Penzias joins the Bell Laboratories in Holmdel, NJ. With Robert Wilson, he starts working on ultra-sensitive microwave receivers intended for radioastronomy. In 1964, the pair notices a weak radio noise which comes from all directions. They first think that the noise is caused by New York City or by pigeon droppings on the receivers; but it turns out to be the cosmic microwave background radiation that had been predicted by the Big Bang theory.
The family sails to America and settles in New York. Penzias graduates from Brooklyn Technical High School in 1951.
Penzias attends the City College of New York. He starts with a major in chemical engineering but soon switches to physics, and graduates in 1954.
He gets a research assistant ship at the Radiation Laboratory at Columbia University, which was then involved in microwave physics. Penzias does his Ph.D. work under Charles Townes, building a maser amplifier for his radioastronomy thesis.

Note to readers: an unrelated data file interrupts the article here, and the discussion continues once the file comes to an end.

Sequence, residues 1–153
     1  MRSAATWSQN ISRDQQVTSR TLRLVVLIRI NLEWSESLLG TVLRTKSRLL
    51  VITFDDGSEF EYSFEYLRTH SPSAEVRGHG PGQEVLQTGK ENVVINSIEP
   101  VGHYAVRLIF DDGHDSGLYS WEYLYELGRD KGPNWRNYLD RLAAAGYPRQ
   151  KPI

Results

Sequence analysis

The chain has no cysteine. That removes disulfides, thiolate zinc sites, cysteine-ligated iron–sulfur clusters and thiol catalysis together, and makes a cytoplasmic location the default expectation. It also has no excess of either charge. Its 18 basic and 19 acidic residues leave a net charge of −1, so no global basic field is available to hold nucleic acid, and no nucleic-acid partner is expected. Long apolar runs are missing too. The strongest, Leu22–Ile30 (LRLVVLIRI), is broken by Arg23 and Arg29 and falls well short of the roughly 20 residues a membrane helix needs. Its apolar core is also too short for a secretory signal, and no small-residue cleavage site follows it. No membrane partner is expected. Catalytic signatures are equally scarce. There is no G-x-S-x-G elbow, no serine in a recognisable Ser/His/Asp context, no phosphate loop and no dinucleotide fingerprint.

Wishing to continue working on challenging topics even in his retiring age, Penzias he moves to Silicon Valley, advising start-up enterprises on how to turn their offers into businesses. In recent years, he has been working on alternative approaches to energy generation.
He spends two years as a radar officer in the U.S. Army Signal Corps.
Arno Penzias shares the 1978 Nobel Prize in Physics with Pyotr Kapitsa and Robert Wilson “for their discovery of cosmic microwave background radiation”. The radiation fits exactly the predictions of the Big Bang theory that had been proposed in the 1960s: It states that the universe started about 13,8 billion years ago from a single point and has been expanding ever since. The cosmic microwave background is a remnant radiation of the early stages of the universe.
Arno Allan Penzias is born in Munich, Germany. His Jewish family has a lucky escape when they are rounded up for deportation to Poland but the shipment is aborted. Arno and his brother are evacuated to Britain in 1939. They spend half a year there before the family emigrates to America.